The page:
As we left the meeting, I wished President Obama good luck on his trip and left him with one parting thought: "Keep a close eye on the Secret Service this time..."

Follow us on Twitter @CNNOpinion.

Join us on Facebook/CNNOpinion.

The opinions expressed in this commentary are solely those of Ana Navarro.

ADVERTISEMENT
Part of complete coverage on
December 22, 2014 -- Updated 2239 GMT (0639 HKT)
Conservatives know easing the trade embargo with Cuba is good for America. They should just admit it, says Fareed Zakaria.
December 20, 2014 -- Updated 0112 GMT (0912 HKT)
We're a world away from Pakistan in geography, but not in sentiment, writes Donna Brazile.
December 19, 2014 -- Updated 1709 GMT (0109 HKT)
How about a world where we have murderers but no murders? The police still chase down criminals who commit murder, we have trials and justice is handed out...but no one dies.
December 18, 2014 -- Updated 2345 GMT (0745 HKT)
The U.S. must respond to North Korea's alleged hacking of Sony, says Christian Whiton. Failing to do so will only embolden it.
December 19, 2014 -- Updated 2134 GMT (0534 HKT)
President Obama has been flexing his executive muscles lately despite Democrat's losses, writes Gloria Borger
December 18, 2014 -- Updated 1951 GMT (0351 HKT)
Jeff Yang says the film industry's surrender will have lasting implications.
December 18, 2014 -- Updated 2113 GMT (0513 HKT)
Newt Gingrich: No one should underestimate the historic importance of the collapse of American defenses in the Sony Pictures attack.
December 10, 2014 -- Updated 1255 GMT (2055 HKT)
Dean Obeidallah asks how the genuine Stephen Colbert will do, compared to "Stephen Colbert"
December 18, 2014 -- Updated 1734 GMT (0134 HKT)
Some GOP politicians want drug tests for welfare recipients; Eric Liu says bailed-out execs should get equal treatment
December 18, 2014 -- Updated 1342 GMT (2142 HKT)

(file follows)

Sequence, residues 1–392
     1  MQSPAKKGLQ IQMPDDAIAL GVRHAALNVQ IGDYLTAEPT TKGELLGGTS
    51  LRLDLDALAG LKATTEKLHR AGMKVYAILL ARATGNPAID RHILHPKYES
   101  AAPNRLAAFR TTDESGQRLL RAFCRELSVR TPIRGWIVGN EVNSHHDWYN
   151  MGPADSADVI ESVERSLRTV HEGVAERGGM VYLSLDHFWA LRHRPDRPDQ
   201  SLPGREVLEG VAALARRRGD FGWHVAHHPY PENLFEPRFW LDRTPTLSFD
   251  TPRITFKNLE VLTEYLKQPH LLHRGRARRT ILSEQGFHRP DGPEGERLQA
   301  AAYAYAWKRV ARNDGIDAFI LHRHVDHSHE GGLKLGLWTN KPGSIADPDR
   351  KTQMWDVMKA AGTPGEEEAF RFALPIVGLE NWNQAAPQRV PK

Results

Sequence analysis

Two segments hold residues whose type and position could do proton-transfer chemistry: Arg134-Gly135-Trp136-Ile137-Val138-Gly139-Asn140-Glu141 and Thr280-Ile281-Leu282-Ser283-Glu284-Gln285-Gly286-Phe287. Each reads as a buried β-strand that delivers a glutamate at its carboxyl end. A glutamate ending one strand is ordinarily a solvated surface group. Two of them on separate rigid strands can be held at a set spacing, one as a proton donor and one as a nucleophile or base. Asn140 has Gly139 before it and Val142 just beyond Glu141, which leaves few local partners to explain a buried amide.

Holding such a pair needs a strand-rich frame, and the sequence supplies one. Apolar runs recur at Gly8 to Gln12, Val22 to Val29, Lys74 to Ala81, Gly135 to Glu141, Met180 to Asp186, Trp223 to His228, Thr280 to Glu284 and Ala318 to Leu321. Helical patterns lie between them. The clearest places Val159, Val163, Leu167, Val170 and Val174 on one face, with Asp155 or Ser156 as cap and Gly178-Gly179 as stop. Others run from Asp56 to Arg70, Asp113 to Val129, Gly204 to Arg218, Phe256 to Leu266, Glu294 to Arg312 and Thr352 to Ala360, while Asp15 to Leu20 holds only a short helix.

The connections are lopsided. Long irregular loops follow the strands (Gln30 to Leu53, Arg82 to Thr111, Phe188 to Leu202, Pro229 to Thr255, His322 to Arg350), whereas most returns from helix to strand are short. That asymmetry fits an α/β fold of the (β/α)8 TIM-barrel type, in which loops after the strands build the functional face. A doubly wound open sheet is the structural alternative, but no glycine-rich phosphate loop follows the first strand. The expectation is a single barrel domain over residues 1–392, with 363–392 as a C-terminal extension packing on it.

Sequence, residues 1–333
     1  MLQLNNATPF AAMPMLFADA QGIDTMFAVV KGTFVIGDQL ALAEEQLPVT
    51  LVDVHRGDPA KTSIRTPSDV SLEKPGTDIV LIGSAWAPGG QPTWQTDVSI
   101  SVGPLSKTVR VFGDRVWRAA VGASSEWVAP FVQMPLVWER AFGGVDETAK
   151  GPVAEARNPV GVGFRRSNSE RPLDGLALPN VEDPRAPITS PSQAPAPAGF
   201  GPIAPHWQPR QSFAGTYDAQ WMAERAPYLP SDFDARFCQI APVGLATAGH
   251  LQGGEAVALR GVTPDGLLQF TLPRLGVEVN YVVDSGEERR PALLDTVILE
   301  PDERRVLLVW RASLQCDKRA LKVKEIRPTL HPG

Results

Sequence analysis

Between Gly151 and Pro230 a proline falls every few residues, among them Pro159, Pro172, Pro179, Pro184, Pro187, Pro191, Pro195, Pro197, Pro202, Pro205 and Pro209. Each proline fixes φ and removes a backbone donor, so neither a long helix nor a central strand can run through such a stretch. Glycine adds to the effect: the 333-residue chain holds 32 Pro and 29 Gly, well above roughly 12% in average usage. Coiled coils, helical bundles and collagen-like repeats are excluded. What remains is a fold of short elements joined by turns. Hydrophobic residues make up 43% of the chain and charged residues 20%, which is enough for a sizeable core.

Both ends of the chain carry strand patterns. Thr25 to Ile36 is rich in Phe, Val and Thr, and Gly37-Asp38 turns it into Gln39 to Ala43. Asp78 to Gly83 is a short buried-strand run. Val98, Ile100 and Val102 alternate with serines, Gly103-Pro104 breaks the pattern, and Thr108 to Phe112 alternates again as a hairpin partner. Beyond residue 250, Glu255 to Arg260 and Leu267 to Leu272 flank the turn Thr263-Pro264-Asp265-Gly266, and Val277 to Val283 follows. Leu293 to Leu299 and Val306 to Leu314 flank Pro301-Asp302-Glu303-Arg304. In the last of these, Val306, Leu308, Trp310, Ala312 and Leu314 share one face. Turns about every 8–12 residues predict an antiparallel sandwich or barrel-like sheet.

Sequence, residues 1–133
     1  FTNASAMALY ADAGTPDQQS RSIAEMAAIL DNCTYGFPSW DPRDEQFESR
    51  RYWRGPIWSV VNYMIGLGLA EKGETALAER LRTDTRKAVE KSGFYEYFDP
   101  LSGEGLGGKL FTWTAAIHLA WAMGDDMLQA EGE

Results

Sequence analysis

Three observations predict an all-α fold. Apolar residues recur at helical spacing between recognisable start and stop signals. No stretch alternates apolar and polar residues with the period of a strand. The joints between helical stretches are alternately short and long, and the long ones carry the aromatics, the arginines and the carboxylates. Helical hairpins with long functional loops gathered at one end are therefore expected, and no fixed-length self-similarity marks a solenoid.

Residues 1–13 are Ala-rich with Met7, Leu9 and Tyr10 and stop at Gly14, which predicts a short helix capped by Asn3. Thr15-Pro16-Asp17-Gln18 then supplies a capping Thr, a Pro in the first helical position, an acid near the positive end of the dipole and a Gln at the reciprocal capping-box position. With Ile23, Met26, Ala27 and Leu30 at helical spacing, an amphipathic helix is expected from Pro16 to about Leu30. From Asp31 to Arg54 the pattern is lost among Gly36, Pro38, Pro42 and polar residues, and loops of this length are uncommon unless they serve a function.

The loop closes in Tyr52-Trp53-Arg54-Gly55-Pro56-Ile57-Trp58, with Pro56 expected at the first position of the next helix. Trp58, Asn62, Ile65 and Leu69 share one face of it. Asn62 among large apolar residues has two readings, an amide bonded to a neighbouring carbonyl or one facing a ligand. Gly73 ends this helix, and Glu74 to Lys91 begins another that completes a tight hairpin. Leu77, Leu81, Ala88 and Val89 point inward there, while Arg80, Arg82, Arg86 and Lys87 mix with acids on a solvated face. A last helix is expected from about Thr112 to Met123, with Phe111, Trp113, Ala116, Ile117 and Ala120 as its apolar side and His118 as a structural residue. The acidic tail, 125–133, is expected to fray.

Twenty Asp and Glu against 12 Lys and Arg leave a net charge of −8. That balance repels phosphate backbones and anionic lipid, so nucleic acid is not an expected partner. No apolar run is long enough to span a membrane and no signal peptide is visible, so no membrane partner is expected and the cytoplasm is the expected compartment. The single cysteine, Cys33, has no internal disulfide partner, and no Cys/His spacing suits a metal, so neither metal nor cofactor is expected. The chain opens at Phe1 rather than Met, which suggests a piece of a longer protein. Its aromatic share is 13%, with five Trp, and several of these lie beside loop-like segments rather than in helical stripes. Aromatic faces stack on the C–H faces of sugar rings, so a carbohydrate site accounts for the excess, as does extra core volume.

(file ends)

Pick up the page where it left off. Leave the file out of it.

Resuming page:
Louis Perez: Obama introduced a long-absent element of lucidity into U.S. policy on Cuba.
December 16, 2014 -- Updated 1740 GMT (0140 HKT)
The slaughter of more than 130 children by the Pakistani Taliban may prove as pivotal to Pakistan's security policy as the 9/11 attacks were for the U.S., says Peter Bergen.
December 17, 2014 -- Updated 1600 GMT (0000 HKT)
The Internet is an online extension of our own neighborhoods. It's time for us to take their protection just as seriously, says Arun Vishwanath.
December 16, 2014 -- Updated 2154 GMT (0554 HKT)
Gayle Lemmon says we must speak out for the right of children to education -- and peace
December 17, 2014 -- Updated 1023 GMT (1823 HKT)
Russia's economic woes just seem to be getting worse. How will President Vladimir Putin respond? Frida Ghitis gives her take.
December 17, 2014 -- Updated 0639 GMT (1439 HKT)
Australia has generally seen itself as detached from the threat of terrorism. The hostage incident this week may change that, writes Max Barry.
December 12, 2014 -- Updated 2020 GMT (0420 HKT)
Thomas Maier says the trove of letters the Kennedy family has tried to guard from public view gives insight into the Kennedy legacy and the history of era.
December 15, 2014 -- Updated 1456 GMT (2256 HKT)
Will Congress reform the CIA? It's probably best not to expect much from Washington. This is not the 1970s, and the chances for substantive reform are not good.
December 15, 2014 -- Updated 2101 GMT (0501 HKT)
From superstorms to droughts, not a week goes by without a major disruption somewhere in the U.S. But with the right planning, natural disasters don't have to be devastating.
December 15, 2014 -- Updated 1453 GMT (2253 HKT)
Would you rather be sexy or smart? Carol Costello says she hates this dumb question.
December 14, 2014 -- Updated 2253 GMT (0653 HKT)
A story about Pope Francis allegedly saying animals can go to heaven went viral late last week. The problem is that it wasn't true. Heidi Schlumpf looks at the discussion.
December 14, 2014 -- Updated 1550 GMT (2350 HKT)
Democratic leaders should wake up to the reality that the party's path to electoral power runs through the streets, where part of the party's base has been marching for months, says Errol Louis
December 13, 2014 -- Updated 2123 GMT (0523 HKT)
David Gergen: John Brennan deserves a national salute for his efforts to put the report about the CIA in perspective
December 12, 2014 -- Updated 1426 GMT (2226 HKT)
Anwar Sanders says that in some ways, cops and protesters are on the same side
December 11, 2014 -- Updated 1439 GMT (2239 HKT)
A view by Samir Naji, a Yemeni who was accused of serving in Osama bin Laden's security detail and imprisoned for nearly 13 years without charge in Guantanamo Bay
December 14, 2014 -- Updated 1738 GMT (0138 HKT)
S.E. Cupp asks: How much reality do you really want in your escapist TV fare?
ADVERTISEMENT